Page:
Taking a leaf from Punjab, Kerala is readying to put together its own NRI Commission. The commission is intended to handle commercial and labour disputes of the state diaspora that fortifies the state’s GDP with annual remittances to the tune of Rs 72,680 crore.
The state cabinet, which met in Thiruvananthapuram, has decided that the commission should be a quasi-judicial body. A retired high court judge will be chairman, and the members will comprise a retired officer from IAS cadres, two representatives of the Kerala diaspora and a state government official of the rank of joint secretary. Headquartered in Thiruvananthapuram, it is envisaged to meet every quarter and study the cases.
“The bill to enact the NRI commission will be presented in the assembly session that begins next week on November 30,” CM Oommen Chandy told FE. “Officials had been studying the legal possibilities of such an outfit. after continuous requests from NRI organisations,” he said. Kerala has a special NRI police cell, but it doesn’t have the legal teeth to handle the cases that it is called for.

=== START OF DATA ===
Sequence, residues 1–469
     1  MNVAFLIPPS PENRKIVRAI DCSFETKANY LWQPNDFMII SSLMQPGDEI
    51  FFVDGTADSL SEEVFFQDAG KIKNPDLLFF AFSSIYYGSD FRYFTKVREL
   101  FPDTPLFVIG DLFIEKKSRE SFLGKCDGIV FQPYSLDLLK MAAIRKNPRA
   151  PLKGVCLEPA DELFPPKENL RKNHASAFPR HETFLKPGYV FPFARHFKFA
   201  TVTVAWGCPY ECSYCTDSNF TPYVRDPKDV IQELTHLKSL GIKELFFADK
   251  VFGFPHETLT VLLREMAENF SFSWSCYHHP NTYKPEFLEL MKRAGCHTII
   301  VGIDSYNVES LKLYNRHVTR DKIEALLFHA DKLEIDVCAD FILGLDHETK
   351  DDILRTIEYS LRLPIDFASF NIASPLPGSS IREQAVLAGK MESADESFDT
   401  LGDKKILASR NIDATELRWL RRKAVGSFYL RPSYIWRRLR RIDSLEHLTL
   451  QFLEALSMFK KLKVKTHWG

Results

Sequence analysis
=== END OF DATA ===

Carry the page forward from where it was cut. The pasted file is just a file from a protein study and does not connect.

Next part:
Punjab already has an NRI Commission to cater to its diaspora in US and Europe. In Kerala, the proposed commission will take a call on fraud in recruitment by foreign countries, besides settling disputes over properties, and investment. As a quasi-judicial body, the commission will have more flexibility. The NRI complainants can sign up a lawyer who will appear before the panel. This means the complainant need not waste time, unlike when police handles such cases.
NRIs have been academically defined by policymakers as the backbone of Kerala economy. According to the latest studies by Centre for Development Studies, the number of Kerala emigrants as in 2014 was 23.63 lakh. As many as 90% of the State’s diaspora is settled in Gulf.